[WATCH] Maltese produce costs more because farmers do not get subsidies, MEP candidate says

MEP candidate Peter Agius calls for deployment of subsidies to farmers on fuel and energy

Peter Agius
Peter Agius

Maltese farmers are paying double what their Sicilian counterparts pay for red diesel for their tractors, the PN candidate Peter Agius has said.

The MEP candidate said that the majority of EU countries grant some types of subsidies to farmers, either on electricity or on fuels, no such subsidies are granted in Malta. Agius claimed the excuse is that these are “complicated” subsidies to apply in practice.

“Farmers in UE countries buy tractors with red diesel inside, specifically marked for agricultural use. For instance in Sicily this diesel costs half the price of commercial diesel, with farmers in Malta pay double the amount paid by Sicilians. This situation leaves a direct impact on the competitiveness of the Maltese and Gozitan farmers in their competition with foreign imports,” Agius said, speaking with MP Edwin Vassallo outside the Ta’ Qali Pitkali market.

“Several arable and livestock farmers are telling us how farmers in Sicily buy fuel at €0.60, whereas Maltese farmers have to pay €1.20. Hence, foreign produce has an obvious advantage on Maltese produce with the result being that 70% of fruits and vegetables sold on the local market are imported. Local farmers are facing the same struggle concerning the pricing and variety of herbicides and pesticides available on the local market. Certain herbicides and pesticides in Malta sell at double the amount of what they sell in Sicily.”

Agius, who is a spokesperson for EP presdent Antonio Tajani, said that during his informal discussions with the European Commission, the latter had confirmed that each member state has the right to grant subsidies on fuels purchased by arable and livestock farmers.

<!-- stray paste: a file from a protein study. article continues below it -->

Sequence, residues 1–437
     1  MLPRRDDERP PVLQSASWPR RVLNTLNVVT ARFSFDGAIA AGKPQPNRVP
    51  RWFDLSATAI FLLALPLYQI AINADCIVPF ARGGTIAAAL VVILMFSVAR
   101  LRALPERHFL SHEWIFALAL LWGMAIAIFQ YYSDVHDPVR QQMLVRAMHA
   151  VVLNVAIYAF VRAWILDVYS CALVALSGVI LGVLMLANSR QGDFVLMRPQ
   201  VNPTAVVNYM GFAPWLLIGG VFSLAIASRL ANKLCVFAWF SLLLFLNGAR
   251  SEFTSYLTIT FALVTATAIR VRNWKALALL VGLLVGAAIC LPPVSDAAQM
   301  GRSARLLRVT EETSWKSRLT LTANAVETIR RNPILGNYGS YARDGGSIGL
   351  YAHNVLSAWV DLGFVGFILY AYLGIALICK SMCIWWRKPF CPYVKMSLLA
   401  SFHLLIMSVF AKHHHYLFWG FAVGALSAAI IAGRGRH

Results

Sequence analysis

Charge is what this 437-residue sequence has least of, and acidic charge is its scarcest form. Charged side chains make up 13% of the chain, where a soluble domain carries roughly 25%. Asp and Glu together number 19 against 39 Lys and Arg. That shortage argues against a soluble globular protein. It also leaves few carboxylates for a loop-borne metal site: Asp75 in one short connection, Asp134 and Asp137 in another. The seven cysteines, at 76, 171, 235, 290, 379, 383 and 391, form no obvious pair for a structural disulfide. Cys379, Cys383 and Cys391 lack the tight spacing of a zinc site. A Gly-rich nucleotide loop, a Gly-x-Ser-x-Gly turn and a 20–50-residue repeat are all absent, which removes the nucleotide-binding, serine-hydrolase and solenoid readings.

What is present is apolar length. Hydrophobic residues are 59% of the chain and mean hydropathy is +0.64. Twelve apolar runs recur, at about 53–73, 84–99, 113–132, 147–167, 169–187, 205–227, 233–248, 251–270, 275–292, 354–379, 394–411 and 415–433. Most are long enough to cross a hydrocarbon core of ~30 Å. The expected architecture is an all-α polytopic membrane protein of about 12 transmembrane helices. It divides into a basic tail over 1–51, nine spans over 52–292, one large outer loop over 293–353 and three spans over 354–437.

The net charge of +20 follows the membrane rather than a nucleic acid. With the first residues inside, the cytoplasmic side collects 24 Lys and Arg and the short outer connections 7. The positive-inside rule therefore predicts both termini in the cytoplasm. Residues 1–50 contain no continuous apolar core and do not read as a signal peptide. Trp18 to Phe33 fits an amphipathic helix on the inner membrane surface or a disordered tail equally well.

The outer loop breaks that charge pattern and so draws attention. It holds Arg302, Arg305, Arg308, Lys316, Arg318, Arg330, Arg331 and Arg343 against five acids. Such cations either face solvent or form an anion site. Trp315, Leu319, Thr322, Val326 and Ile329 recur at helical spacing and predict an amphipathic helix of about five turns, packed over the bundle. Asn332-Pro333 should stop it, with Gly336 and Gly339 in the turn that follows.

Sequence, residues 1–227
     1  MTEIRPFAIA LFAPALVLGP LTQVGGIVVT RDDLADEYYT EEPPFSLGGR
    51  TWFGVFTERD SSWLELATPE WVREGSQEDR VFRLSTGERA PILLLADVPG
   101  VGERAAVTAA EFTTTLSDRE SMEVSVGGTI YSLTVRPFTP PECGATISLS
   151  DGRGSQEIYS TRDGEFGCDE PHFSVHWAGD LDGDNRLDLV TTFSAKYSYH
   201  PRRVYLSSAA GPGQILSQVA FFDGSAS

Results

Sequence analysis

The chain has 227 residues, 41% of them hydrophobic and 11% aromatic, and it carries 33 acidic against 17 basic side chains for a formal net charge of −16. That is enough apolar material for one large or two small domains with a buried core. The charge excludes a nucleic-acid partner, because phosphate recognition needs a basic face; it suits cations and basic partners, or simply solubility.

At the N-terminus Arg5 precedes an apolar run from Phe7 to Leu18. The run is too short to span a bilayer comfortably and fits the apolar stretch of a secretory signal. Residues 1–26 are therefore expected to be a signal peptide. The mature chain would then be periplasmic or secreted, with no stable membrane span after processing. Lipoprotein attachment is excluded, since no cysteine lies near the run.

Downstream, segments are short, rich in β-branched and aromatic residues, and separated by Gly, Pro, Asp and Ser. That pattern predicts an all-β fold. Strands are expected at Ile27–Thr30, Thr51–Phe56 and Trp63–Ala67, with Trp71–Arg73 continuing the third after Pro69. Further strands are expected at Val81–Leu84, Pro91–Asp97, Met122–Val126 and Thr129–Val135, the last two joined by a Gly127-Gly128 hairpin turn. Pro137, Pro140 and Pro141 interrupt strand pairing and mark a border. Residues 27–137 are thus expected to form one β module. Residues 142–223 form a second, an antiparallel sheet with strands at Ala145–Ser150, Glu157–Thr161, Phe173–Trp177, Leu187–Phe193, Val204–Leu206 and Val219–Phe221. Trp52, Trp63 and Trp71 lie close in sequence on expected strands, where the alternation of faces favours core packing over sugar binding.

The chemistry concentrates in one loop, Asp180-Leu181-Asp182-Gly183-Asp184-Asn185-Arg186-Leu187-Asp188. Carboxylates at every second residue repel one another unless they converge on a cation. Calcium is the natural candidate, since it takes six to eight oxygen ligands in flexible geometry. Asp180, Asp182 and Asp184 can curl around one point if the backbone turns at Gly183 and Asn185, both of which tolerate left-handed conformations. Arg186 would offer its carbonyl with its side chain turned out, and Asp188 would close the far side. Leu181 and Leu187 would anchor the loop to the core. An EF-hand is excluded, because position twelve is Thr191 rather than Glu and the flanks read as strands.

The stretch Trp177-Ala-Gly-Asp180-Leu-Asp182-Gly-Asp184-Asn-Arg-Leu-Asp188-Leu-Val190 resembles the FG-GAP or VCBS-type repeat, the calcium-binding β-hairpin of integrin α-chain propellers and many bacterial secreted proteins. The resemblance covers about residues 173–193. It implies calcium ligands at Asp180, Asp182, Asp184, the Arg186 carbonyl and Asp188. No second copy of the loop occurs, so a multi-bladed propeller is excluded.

“The EC confirmed as well that the majority of EU countries grant some types of subsidies to farmers, either on electricity or on fuels. However, in Malta no such subsidies are granted with the excuse that these are ‘complicated’ to apply in practice.

“If Maltese farmers run out of business, everyone will suffer the consequences, both directly as foreign produce – fruits, vegetables and meat – will increase in price, as well as indirectly as this poses a threat on food security for Maltese and Gozitan families. It would be dangerous if Malta were to depend totally on imported food.”

The Nationalist Party has called on government to immediately launch a direct subsidy scheme on energy for arable and livestock farmers, so that they can recover their competitiveness. “This should be within the parameters of an aid scheme for farmers approved by the European Commission as state aid,” Agius said. “The Nationalist Party is insisting that we need a serious policy on agriculture, which promotes and gives value to the local produce, and at the same time strengthens the competitiveness of local farmers when faced with competition from foreign produce.”